The Foreclosure Crisis Is Still Unsettled 

The much-touted National Mortgage Settlement has done little to help homeowners in the East Bay and throughout California. And banks are continuing to break the law.

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Stein and Brown give credit to California Attorney General Harris for establishing the state's own Monitor Office and staffing it with Katherine Porter, an accomplished professor of law at UC Irvine. "The California attorney general, we thought, was very strong in the negotiations," said Stein. "What California got was better."

But even though the state has its own monitor, the banks have refused to release detailed data on the financial relief they've provided. Moreover, the total level of relief is small relative to the size of the foreclosure crisis.

For example, there were approximately 34,000 foreclosures in Alameda County from 2006 through 2013, according to data accessed through the county Recorder's Office. Yet the big five banks covered by the settlement only provided 1,600 first-lien mortgage principal reductions as a result of the settlement. In other words, Alameda County borrowers for whom the big five banks reduced first-lien mortgage debt represent only 5 percent of the total number of borrowers who were foreclosed on.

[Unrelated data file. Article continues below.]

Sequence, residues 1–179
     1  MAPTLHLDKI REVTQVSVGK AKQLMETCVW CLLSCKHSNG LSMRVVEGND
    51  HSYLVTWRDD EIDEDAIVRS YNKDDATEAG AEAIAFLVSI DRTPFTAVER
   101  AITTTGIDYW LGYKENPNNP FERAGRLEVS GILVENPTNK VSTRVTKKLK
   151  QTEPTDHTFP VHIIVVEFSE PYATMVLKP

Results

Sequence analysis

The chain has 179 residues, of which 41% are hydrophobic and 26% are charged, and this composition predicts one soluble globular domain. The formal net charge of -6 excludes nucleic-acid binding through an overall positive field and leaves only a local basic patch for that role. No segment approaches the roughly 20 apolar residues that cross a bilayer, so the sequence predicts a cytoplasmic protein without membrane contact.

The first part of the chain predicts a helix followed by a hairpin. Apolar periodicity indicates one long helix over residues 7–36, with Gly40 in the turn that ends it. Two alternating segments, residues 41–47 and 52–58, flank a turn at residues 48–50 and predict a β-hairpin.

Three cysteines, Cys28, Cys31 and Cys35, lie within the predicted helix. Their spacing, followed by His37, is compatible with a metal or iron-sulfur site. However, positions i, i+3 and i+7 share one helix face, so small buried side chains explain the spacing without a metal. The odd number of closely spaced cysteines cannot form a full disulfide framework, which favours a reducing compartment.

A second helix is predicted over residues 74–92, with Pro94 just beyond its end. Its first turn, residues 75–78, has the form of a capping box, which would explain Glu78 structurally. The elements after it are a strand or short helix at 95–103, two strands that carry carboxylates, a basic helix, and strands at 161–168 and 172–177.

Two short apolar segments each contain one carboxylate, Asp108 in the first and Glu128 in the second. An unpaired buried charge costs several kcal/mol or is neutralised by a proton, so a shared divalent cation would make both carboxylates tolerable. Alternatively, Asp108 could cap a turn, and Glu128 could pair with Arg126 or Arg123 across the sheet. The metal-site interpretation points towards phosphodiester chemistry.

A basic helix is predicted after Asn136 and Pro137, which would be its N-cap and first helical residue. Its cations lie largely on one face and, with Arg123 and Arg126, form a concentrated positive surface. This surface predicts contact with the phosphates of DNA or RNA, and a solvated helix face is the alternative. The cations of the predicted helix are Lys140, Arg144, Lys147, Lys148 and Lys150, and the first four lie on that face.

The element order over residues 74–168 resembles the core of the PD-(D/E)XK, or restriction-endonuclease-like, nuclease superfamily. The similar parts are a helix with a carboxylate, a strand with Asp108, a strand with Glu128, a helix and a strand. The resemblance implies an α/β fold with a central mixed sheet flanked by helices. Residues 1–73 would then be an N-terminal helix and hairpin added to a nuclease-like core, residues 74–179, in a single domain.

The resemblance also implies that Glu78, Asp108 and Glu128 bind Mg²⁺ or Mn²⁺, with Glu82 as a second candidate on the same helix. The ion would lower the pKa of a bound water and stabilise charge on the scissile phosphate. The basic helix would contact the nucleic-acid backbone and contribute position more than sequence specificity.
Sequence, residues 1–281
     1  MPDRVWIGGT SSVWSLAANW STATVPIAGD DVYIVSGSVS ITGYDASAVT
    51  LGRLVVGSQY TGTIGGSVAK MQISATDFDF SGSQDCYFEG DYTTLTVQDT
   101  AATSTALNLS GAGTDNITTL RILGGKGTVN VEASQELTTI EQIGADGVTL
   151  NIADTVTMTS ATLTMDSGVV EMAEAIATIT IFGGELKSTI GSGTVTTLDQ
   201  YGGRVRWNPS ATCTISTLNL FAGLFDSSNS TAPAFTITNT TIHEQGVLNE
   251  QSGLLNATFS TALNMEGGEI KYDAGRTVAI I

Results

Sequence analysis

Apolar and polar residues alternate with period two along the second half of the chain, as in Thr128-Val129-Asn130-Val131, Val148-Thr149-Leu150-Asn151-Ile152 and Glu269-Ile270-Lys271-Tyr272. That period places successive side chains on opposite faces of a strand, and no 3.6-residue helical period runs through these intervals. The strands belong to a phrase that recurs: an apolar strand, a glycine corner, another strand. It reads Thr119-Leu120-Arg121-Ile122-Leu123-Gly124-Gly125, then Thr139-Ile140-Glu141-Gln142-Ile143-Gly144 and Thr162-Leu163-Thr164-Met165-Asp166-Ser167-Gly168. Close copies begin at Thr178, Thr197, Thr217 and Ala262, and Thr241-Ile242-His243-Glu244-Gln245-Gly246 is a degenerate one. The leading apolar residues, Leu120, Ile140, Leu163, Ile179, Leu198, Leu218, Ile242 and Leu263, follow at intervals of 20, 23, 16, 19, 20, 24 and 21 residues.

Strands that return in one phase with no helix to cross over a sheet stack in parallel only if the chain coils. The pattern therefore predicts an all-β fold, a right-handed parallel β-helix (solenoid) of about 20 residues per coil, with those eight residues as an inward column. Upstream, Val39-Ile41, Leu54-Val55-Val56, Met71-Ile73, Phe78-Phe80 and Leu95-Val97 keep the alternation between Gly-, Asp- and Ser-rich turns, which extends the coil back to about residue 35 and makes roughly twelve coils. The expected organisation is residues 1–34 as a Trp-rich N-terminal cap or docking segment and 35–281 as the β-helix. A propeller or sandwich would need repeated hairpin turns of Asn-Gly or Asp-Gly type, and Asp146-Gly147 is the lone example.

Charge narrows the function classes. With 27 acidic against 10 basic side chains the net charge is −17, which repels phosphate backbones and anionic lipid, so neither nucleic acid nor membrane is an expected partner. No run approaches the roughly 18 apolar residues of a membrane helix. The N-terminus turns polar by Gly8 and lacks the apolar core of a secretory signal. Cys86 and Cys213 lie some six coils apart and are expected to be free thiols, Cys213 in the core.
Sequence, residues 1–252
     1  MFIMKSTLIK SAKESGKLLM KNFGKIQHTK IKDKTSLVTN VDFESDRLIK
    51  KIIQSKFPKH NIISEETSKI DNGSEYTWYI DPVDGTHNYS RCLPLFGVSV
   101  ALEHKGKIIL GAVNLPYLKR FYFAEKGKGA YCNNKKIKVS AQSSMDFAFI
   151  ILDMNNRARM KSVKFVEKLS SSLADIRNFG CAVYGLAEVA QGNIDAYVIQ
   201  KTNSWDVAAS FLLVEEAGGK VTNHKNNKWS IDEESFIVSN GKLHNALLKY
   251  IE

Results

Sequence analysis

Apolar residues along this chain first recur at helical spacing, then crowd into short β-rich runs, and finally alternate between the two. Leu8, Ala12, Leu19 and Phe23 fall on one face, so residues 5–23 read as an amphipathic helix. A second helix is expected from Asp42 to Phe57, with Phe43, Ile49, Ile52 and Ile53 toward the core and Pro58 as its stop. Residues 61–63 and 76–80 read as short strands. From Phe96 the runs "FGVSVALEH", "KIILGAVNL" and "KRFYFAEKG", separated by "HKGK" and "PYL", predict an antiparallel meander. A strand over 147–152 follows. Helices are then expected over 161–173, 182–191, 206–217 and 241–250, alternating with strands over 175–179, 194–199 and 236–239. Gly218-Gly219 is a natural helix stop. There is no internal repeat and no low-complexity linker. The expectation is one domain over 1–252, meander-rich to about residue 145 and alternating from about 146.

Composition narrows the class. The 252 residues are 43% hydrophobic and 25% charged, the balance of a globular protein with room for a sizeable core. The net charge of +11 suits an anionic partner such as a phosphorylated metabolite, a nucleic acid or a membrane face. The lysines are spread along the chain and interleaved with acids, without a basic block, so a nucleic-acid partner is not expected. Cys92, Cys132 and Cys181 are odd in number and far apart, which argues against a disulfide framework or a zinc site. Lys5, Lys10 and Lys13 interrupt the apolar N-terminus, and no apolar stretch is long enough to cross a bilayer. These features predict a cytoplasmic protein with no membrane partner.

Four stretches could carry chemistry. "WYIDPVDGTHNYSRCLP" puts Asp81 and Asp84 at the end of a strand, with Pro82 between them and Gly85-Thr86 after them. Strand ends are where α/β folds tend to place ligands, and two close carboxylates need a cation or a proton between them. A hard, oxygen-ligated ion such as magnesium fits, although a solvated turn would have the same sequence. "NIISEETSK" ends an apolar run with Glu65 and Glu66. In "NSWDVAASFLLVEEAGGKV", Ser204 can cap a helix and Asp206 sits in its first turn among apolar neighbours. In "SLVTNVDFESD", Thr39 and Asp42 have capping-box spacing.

Even more worrisome is the fact that the foreclosure pipeline is still in effect. There were 2,800 notices of default issued in Alameda County last year, three times the number of foreclosures. Many of these borrowers recently hit with notices of default will be foreclosed on in the next year or two.

"There's no reason why a state attorney general can't say, 'I have new violations of our consumer protection laws and open brand new cases, and prosecute these new cases,'" said David Dayen, a political analyst who has closely studied the terms of the National Mortgage Settlement. "There's no reason why they can't do that. The idea that we gave it a good try — it's not accurate. If they're violating the law, the AG has the duty to look into that, and shouldn't rely on a private right of action."

Harris' office did not respond to several requests for comment for this report.

Stein said Harris should be credited for helping pass a strong Homeowner Bill of Rights. "But what has happened since then is that servicers aren't doing what they should be doing, and we haven't seen action from the AG's office to go after them."

Until officials jump back into the ring, however, it will be up to private lawyers to try to help some small fraction of the borrowers who stand to lose their homes and savings in the years to come.

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